ELDs: One Year Later

Photo: Gettyimages.com/wattanaphob

A year ago, as we counted down the days to the December deadline for most fleets to implement mandated electronic logging devices, ELDs were the hottest topic in print, digital, and throughout the social media landscape. A year later, while it’s been overtaken as a hot topic by COVID-19 and long-awaited changes to the hours-of-service rules, ELDs are still on the minds of many fleets.

“It’s clear that driver compliance with the hours-of-service rules has improved,” says Dave Osiecki, president and CEO of Scopelitis Transportation Consulting. “The biggest question we, and many others, have about the ELD mandate is whether it has helped to make the industry safer.”

While ELDs appear to have helped improve compliance with HOS regulations, “compliance is only a means to an end,” he says. Highway safety needs to improve, and, according to Osiecki, FMCSA has not shared any research or data analysis that shows ELDs improve safety.

“The one academic research report we’ve seen thus far on this question found the opposite — that ELDs have not improved safety,” he says. “We believe the jury is still out on this important safety question.”

Some fleets believe ELDs do make a difference – and have found they have additional benefits, to boot.

Fans From the Start

Some fleets were proponents of, and implemented, electronic logs before they were required. Steve Rush was a vocal advocate who held up the devices as a godsend for his drivers years before the mandate.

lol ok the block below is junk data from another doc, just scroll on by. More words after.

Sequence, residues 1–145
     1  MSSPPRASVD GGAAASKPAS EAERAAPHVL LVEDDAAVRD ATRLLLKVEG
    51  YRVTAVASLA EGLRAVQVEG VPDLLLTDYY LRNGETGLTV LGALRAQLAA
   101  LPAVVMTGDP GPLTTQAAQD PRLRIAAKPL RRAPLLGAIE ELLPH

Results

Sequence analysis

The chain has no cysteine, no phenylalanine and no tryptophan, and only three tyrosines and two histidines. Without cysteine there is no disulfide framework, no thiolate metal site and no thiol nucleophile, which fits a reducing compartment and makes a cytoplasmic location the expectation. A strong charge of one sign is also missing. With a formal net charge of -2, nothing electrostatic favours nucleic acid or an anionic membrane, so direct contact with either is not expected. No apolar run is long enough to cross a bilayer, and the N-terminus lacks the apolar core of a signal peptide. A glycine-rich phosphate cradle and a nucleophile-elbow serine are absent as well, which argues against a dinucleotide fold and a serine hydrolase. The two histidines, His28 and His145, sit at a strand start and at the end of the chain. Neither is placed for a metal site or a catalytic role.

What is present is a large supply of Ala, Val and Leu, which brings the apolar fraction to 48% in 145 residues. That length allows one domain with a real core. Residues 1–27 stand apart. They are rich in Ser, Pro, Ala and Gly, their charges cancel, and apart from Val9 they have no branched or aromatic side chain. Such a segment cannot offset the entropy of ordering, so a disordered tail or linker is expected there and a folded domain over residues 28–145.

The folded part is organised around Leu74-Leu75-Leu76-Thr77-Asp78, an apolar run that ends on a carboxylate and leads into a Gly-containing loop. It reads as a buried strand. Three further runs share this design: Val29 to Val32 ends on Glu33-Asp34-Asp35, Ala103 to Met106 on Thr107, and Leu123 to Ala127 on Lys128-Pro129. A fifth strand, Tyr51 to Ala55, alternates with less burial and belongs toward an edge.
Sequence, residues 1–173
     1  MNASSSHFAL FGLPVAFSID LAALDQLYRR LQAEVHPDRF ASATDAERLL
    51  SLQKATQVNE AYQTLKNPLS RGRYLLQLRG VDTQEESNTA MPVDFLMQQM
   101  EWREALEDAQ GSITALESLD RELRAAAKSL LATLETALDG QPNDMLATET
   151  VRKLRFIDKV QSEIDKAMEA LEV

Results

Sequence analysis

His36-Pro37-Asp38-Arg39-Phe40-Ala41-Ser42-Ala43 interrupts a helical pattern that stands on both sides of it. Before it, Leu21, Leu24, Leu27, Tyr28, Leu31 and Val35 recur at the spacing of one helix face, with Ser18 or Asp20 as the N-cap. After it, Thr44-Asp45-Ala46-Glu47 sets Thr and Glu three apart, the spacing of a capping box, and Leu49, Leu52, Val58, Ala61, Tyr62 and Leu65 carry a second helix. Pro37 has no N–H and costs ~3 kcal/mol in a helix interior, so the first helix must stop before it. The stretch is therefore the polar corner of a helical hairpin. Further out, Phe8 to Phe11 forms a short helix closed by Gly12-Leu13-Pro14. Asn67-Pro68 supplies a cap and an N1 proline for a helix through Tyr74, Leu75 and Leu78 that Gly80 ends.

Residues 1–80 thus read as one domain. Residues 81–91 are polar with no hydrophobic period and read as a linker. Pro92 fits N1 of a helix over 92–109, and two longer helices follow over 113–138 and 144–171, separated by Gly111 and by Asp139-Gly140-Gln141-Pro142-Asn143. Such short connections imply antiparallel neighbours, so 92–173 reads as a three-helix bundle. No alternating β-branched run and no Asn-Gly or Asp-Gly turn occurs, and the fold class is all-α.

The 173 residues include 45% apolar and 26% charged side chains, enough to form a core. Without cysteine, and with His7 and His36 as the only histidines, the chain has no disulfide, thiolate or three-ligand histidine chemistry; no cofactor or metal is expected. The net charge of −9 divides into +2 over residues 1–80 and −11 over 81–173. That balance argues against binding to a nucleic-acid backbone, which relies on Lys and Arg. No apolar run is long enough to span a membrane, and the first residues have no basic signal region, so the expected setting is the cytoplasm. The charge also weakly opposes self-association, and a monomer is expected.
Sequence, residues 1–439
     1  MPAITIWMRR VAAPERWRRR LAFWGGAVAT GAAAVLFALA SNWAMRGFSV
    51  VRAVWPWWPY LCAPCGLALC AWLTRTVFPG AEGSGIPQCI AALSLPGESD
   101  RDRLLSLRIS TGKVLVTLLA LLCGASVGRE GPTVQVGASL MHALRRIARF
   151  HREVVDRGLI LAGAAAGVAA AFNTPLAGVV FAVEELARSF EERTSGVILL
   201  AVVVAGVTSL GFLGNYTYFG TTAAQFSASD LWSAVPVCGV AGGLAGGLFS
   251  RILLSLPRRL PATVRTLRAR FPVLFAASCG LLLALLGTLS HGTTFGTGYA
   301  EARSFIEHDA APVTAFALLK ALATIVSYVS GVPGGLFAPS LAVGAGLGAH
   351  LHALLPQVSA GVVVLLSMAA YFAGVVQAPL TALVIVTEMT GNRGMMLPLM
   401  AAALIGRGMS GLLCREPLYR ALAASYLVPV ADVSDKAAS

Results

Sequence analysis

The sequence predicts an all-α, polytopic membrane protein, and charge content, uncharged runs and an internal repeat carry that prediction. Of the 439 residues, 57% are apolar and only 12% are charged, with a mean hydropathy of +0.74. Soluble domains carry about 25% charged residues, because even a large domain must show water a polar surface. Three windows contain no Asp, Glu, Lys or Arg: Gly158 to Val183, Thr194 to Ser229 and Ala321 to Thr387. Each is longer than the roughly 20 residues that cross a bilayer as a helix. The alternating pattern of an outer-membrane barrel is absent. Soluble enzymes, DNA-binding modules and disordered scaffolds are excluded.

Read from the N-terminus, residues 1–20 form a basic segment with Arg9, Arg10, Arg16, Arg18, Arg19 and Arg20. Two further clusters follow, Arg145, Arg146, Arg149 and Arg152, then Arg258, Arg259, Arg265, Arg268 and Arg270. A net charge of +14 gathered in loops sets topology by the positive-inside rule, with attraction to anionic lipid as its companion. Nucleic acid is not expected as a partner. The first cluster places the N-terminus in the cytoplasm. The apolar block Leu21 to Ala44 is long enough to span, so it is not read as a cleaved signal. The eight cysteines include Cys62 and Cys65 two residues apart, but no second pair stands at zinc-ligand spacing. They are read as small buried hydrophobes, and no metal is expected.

“ELDs without a doubt made all the drivers who use them safer,” says the founder and president of New Jersey-based tanker fleet Carbon Express. “It was the first time since the unions were pushed away that the driver had a voice that meant something as to his daily work schedule.”

Before the ELD came the automatic onboard recording device (AOBRD), which many fleets were using before last December’s transition. Springfield, Missouri-based Wilson Logistics was an early adopter, so the move to ELDs early on didn’t really pose any challenges.

“We also believe that as an organization the ELD mandate did make us a bit more nimble and we became much better at planning,” says Scott Manthey, Wilson’s vice president of safety and training. “Like others, we did see a slight drop in productivity, however it rebounded as we became more familiar with where we needed to improve.”

What About the Haters?

As the deadline got closer, and more and more fleets were getting closer to compliance, much of the fanfare on both sides of the issue seemed to die down. While some fleets may still have been reluctant to stay the course in terms of compliance, most accepted the inevitable.

“While the ELD mandate is crucial for enforcing labor laws and preventing accidents on the road, drivers were hesitant about the technology when it was first implemented,” says Lee Robledo, vice president of safety, compliance, regulatory and investigations at New Jersey-based NFI. “There were concerns among drivers throughout the industry over micromanagement. However, ELDs have eliminated many of the steps needed to collect the data drivers are required to report each day and made their jobs on the road easier.”

At Carbon Express, Rush saw his drivers quickly get used to electronic logs. But his dispatchers were now being affected instead.